Some years ago when we decided to get married, my now-husband and I decided that our family routine around holidays would follow a certain cadence. We’d spend Thanksgiving with his family in New Jersey, Christmas in Maine with mine.
I was much more attached to the idea of Christmas with my own family than he was, and I firmly contend that Christmas in Maine is a more authentic Christmas than it would be any place else. You stand very little chance of waking up to billowing drifts of white snow piling up outside your windows in New Jersey, and billowing drifts of white snow are easily in the top 5 of satisfying Christmas experiences. There’s a reason Bing Crosby never sang anything about the Garden State Parkway or having your gas pumped for you at Wawa. Of course, thanks to the irregularities of climate change, we spent last Christmas sweating our legs off in matching holiday fleece pajamas on a 65-degree day but that’s neither here nor there.
So I’m #TeamChristmas but Thanksgiving has always easily been a close second. There are no gifts to receive, but there’s also the blissful relief of not having to buy gifts to give to anyone else. I love the Macy’s Thanksgiving Day parade, I love lounging on the sofa with men watching football and I love that there are no expectations of getting anything done or going anywhere. Most of all, I love that Thanksgiving is unabashedly devoted to good food.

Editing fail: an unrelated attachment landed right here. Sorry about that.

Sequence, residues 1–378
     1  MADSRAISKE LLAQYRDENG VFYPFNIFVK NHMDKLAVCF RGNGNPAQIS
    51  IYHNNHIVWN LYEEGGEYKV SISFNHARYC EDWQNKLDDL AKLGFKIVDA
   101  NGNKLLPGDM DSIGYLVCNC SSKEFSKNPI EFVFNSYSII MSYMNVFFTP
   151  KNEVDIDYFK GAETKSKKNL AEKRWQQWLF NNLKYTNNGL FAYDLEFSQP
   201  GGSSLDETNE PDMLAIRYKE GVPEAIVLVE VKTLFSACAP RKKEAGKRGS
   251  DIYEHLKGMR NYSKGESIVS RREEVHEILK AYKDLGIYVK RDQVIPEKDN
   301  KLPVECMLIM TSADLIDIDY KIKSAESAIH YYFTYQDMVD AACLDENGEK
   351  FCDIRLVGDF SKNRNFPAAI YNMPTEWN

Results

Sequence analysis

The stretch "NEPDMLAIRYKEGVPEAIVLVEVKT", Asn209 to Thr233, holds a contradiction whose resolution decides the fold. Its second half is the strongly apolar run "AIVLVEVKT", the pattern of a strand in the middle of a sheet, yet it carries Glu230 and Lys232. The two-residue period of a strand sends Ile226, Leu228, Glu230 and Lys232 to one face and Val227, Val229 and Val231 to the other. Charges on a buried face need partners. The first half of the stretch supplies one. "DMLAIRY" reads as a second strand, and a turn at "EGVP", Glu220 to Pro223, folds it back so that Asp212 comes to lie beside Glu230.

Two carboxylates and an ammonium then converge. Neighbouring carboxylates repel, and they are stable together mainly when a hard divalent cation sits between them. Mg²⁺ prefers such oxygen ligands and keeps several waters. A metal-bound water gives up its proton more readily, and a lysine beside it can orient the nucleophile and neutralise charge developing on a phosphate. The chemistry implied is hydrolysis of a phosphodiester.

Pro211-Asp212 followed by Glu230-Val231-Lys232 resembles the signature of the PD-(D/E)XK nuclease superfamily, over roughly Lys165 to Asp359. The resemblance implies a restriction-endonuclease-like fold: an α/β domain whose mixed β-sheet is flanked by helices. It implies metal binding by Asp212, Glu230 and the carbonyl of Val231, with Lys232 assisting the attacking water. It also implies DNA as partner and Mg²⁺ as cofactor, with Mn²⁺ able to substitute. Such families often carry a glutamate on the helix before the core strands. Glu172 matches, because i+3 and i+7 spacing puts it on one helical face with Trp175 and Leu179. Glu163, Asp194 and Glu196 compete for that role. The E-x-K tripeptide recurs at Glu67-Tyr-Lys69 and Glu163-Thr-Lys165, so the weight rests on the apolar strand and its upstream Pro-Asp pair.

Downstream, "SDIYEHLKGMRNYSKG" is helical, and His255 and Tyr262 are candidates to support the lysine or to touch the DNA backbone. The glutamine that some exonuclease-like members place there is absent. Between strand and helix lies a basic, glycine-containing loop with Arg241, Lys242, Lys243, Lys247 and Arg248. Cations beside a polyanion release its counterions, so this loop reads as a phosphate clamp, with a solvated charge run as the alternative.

Thanksgiving, at least the way it was practiced in my family, is a shrine to food. The dinner is the star of the whole event, everything else is just gravy. (Yeah. Lean in.) Thanksgiving dinner is a ceaseless bounty, a near embarrassment of offerings. Two kinds of potatoes. Rolls and stuffing. Cranberry sauce with whole chunks of berries or jiggly and ridged from the can. Green beans with Durkee fried onions on top (which is really the only way to redeem cooked green beans, in my opinion). Desserts so varied and plentiful it’s not about “if” but “how many.” And of course, the turkey.
Ultimately it’s all about the turkey. The unmistakable crackling sound every time the oven door opens, the glorious scent of it drifting all throughout the house.
How big of a bird is it? Was it frozen? How long did it take to defrost? How heavy was it? You don’t say. How long will it take to cook? Has it been basted enough? Should we baste it again? Is there such a thing as too much basting? No one knows.
I once heard tell of a large family in which the mother roasted two turkeys at Thanksgiving, one for serving and one for picking at. I was instantly wistful that I wasn’t born into that particular family; such is my mania for picking at the turkey. It seemed to me that a mother who understood the sheer delight of picking at a turkey–without having your hand slapped back with admonitions about salmonella–that was the type of mother who would intrinsically understand everything about me in a way my own mother never seemed to grasp. Of course, she might also be the type to put raisins in the stuffing, which would ruin the whole relationship. Better to stick.